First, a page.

According to the Occupational Safety and Health Administration, murder comes in as the fourth main cause of fatal injuries in the workplace, making workplace violence a very petrifying reality of the 21st century. That is why workplace violence is a topmost security concern for employers and employees alike.
Types of workplace violence vary and can include: homicide, threats, harassment, and verbal and physical attacks. We will explore the reasons why people may become displeased and will provide helpful ways to protect your employees and clients from workplace violence.
Why Workplace Violence Occurs
Potentially perilous or displeased persons come in all ages and from varying socioeconomic backgrounds. They may be employees, customers, or even relatives of employees or customers. Culprits of workplace violence can range from belligerent individuals who feel slighted to people suffering from mental health issues.
Here are a few reasons why violence happens in the workplace:
- a) A thorough background investigation is not conducted on employees, which could have revealed a ferocious criminal past or abusive history
- b) Employees bring personal issues with them instead of focusing on work while at work
- c) The company does not have a hotline to report belligerent behavior or for employees to express concerns.
- d) There is a lack of security consciousness, planning, or preparation to prevent security issues. By providing caring support for your employees, you can reduce the risk of violence in the workplace.
What You Can Do About It
Some executives do not believe that violence could ever happen at their establishment. However, that mentality can eventually lead to a lack of preparedness. As an alternative, employers should implement a security consciousness and awareness that trickles down to the employees through policy and training. Here are a few concepts to increase security at your workplace.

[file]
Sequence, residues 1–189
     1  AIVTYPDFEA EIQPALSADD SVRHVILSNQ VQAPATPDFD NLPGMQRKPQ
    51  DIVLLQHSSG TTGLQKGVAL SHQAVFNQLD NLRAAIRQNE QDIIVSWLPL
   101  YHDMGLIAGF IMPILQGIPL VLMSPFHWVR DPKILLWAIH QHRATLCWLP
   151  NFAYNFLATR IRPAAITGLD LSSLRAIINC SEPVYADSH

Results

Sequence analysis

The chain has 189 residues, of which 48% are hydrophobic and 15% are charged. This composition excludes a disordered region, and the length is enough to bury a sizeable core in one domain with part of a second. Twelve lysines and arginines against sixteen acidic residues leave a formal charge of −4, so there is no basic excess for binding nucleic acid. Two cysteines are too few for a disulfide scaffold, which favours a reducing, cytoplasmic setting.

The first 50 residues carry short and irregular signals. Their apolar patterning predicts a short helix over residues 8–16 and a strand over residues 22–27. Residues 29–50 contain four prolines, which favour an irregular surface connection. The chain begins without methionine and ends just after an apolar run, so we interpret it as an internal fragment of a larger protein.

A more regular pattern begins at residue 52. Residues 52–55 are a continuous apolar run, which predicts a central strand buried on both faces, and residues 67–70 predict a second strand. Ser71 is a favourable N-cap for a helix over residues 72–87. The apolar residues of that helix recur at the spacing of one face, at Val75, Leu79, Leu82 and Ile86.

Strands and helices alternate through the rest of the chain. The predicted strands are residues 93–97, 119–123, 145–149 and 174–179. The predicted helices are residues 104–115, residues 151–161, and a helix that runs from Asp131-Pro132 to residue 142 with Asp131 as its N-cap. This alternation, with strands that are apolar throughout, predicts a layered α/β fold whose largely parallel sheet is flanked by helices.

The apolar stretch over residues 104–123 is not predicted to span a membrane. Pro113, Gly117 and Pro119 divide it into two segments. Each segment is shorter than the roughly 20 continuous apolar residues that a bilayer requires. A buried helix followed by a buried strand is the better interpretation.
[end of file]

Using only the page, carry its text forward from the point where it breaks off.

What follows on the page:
Always Conduct Background Checks
Did the time ever exist when an employer could just hire someone on an impulse? Doing so in the 21st century can not only lead to a bad hire, but it can also be deadly and lead to luxurious legal combats. When signing employees, make sure your personnel always conduct felonious background checks on potential employees. Contact references and probe them with open-ended questions to prompt honest responses about the safety of the potential employee’s behavior.
Communicate with Employees Fairly
Miscommunication and perceived unfairness are major causes of conflict in many types of relationships, including working ones. To address this, create an employee hotline so that employees who feel wronged or hurt have a proper vent to channel their rage. If you have a hire that is not working out, communicate through performance appraisals, and document your discussions. Also, stay positive yet firm whenever possible in your communications with the employee. It is best to have more than one professional in the room when dealing with potentially dissatisfied employees.
Be Mindful When Laying off Workers
Many employees plan to dedicate their working years to a single company in exchange for a retirement pension plan and associated bonuses. Therefore, when employers lay off people who have put in significant time at their company, they will almost always be met with repercussions. That is why it is vital to be mindful when laying off workers.
Instead of laying off long-term employees without any preceding notice, consider giving them time to find other jobs. When possible communicate with them early about the reasons and explain clearly when their last day will be and the amount of any compensation package. Remember to consider the timing of the separation. It would be unwise to lay off workers two days before Christmas if you are trying to prevent added hostility and tension.
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